Car Reviews First Tests

2019 Volvo S60 and V60 First Test: Finding the Swede Spot

Driving Volvo's (finally) updated S60 and V60

Driving Volvo's (finally) updated S60 and V60

With one exception, Volvo’s lineup has consistently impressed us since the XC90 became the 2016 SUV of the Year. Despite the brand’s successful run, a 2017 S60 sedan hobbled its way to a last-place finish in an eight-car compact luxury sedan comparison. That ancient compact was “outclassed at nearly every turn,” but it finally steps aside for the 2019 S60 sedan and 2019 V60 wagon. When specced carefully, the new 60-series cars shine, showing off an unmistakable Swedish approach to luxury and style.

Design is as much a part of Volvo’s brand identity these days as safety, and the S60 and V60 have serious presence. Credit for that largely goes to the new platform those cars now ride on, providing more premium proportions and an enormous 4.9-inch increase in length. The stretched-out 2019 S60 is longer than all eight cars in our most recent Big Test comparo and boasts a back seat that feels far more livable than what you’ll find in most competitors.

The Volvo S60 and V60 are at their best when you’re honest about what you want from a luxury car; back road burners should stick with the Alfa Romeo Giulia or Genesis G70. Even in R-Design form with the all-wheel-drive T6’s 316-hp turbo- and supercharged four, the S60 and V60 lack the transmission responsiveness and steering feel those competitors offer. The Volvo can entertain on your favorite driving road, but even with Fusion Red Metallic paint, the S60 R-Design isn’t the sports car of the segment. Given that, the stiff ride you’ll experience to and from that snaking two-lane disappoints. If you’re set on an R-Design or Inscription, consider test-driving models with the standard 18-inch wheels to see if you notice a difference in road feel versus models rolling on 19s.

The same story applies to the S60 T8 Polestar Engineered plug-in hybrid. A bit of a Swedish unicorn, the 20-unit U.S. production of this special variant has already sold out. With 415 total system horsepower, the sporty plug-in hybrid is expected to get an EV range of about 21 miles (34 km) before the turbo- and supercharged four-cylinder kicks in to help. Beyond a normal S60 T8—the North America doesn’t get a V60 T8 model—the Polestar Engineered variant includes upgraded brakes and suspension as well as 20-inch wheels. The result is a surprising 4.5-second 0–60 time, but the plug-in’s powertrain also means a compromised trunk, slightly less rear-seat space, and a much smaller center storage area between driver and front passenger. What really kills the T8’s package, however, is its end-of-travel braking performance, making smooth stops difficult.

If all-wheel drive isn’t a must-have feature, take another look at the front-drive, 250-hp S60 T5 and V60 T5. Although the V60 T5’s 6.9-second 0–60 time can’t keep pace with many others in this class, it doesn’t feel much slower than T6 models, which reach 60 about a second quicker. Sticking with the T5 also bumps fuel economy from 21/31–32 mpg (11.2/7.6-7.3 L/100km) city/highway to 24/36 mpg (9.8/6.5 L/100km) and avoids the awkwardness of driving a 316-hp car that can be outrun by 252- and 280-hp all-wheel-drive alternatives (Audi A4 and Alfa Romeo Giulia, respectively). Saying no to the T6 also leaves you with an extra $4,500 USD to save and invest.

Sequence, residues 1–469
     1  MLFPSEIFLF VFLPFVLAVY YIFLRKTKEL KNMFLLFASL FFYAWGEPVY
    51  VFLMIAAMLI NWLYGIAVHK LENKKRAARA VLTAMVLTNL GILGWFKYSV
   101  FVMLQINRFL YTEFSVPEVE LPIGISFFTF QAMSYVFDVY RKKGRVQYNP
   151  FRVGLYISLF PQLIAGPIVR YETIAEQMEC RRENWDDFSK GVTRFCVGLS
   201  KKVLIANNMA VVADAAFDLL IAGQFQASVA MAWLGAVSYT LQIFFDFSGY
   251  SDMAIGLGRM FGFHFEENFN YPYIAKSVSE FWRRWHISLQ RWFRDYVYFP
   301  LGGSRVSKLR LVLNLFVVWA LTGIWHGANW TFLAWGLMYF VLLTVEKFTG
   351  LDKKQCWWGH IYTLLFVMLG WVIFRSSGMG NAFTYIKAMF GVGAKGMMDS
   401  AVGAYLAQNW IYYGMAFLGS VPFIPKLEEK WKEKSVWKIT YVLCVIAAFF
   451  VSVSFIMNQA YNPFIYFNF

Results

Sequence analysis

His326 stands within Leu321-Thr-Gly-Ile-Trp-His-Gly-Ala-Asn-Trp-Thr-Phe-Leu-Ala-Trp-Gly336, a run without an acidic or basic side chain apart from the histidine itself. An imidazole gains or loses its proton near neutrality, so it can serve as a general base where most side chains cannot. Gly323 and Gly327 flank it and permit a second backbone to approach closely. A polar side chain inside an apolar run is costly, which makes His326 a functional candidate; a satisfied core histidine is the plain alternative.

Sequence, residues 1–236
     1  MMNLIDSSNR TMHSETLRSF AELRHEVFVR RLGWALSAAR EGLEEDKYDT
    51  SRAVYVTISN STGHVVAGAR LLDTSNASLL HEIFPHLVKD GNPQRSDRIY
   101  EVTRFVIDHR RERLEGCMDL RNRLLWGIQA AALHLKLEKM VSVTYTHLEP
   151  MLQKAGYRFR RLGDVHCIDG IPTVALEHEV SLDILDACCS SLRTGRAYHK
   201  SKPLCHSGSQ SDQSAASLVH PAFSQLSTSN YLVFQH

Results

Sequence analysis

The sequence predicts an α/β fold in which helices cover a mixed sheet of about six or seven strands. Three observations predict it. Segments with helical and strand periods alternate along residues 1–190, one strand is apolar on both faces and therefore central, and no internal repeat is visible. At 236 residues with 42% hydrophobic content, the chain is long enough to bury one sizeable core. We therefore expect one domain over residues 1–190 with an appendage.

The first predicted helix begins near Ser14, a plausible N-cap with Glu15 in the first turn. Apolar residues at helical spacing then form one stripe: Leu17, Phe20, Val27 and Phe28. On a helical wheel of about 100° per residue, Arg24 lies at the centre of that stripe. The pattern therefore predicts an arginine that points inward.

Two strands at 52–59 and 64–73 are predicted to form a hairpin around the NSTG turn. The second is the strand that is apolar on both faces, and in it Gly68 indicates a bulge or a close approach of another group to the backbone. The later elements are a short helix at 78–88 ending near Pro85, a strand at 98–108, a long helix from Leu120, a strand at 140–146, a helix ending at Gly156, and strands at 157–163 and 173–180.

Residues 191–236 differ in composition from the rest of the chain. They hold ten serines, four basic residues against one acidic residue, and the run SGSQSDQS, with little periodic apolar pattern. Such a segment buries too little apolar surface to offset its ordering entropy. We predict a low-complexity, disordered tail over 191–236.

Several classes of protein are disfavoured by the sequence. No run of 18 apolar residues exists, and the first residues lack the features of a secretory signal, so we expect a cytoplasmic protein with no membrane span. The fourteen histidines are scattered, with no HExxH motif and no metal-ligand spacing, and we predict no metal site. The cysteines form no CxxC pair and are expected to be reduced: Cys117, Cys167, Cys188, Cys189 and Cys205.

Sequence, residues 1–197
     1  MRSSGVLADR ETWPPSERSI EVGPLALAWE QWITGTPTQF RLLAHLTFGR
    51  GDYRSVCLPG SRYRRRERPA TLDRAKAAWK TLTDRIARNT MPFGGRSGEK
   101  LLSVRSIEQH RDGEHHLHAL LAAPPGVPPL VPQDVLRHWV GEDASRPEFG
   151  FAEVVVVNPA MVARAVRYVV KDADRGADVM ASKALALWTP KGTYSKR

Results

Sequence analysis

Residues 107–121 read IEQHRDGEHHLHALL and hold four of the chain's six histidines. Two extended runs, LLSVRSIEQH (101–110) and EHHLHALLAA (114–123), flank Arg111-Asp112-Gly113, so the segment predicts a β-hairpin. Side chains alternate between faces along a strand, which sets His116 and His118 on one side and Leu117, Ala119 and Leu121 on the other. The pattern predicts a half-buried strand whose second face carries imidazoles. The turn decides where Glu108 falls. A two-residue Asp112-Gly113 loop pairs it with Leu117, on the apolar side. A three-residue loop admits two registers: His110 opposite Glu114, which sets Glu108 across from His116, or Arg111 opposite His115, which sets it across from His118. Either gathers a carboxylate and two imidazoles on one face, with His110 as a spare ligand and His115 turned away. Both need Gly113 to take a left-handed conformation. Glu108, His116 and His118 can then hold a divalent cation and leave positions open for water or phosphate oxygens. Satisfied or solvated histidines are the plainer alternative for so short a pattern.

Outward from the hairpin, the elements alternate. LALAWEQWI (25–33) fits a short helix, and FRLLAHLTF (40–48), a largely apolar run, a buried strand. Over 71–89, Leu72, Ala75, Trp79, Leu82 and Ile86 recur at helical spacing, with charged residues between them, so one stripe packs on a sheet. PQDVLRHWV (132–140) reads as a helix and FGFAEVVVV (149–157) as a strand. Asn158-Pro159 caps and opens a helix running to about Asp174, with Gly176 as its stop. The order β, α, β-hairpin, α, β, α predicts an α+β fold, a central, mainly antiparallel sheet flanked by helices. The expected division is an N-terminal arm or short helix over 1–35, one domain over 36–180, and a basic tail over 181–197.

Or spend part of that money on blind-spot monitoring, which unfortunately costs extra on the compact luxury entry from the brand known for safety. Although we wish that tech (called BLIS in Volvos) were standard across the line and not just on the R-Design and Inscription models, it’s worth noting that a $36,795 USD S60 Momentum base model starts thousands below the Lexus IS, Alfa Romeo Giulia, and Mercedes-Benz C-Class. And even at that price, the S60 gets a panoramic moonroof, a 9.0-inch touchscreen with Apple CarPlay and Android Auto support, LED headlights with slick daytime running lights that don’t announce your car as a base model, 18-inch wheels, and safety tech that includes Run-off Road Mitigation, a lane keeping assist system, and automatic emergency braking that can detect pedestrians, cyclists, and large animals.

All trims offer Pilot Assist, which combines adaptive cruise control with a lane keeping assist system. Although the latter tech only works when it can detect lane markings on the road, the adaptive cruise control works well even in stop-and-go traffic. We’re a little less positive about the infotainment system on that 9.0-inch touchscreen. When complemented by the R-Design’s metal or the Inscription’s wood trim, the screen and the handful of buttons below it give the Volvos a refreshingly modern and clean interior. But the system has a couple drawbacks. Changing the amount of air or engaging air recirculation requires three clicks, including one to remove the HVAC screen. And even though Apple CarPlay and Android Auto greatly simplify in-car audio, phone, and navigation tasks, the systems only take up about half of that vertical-oriented screen—on the bottom.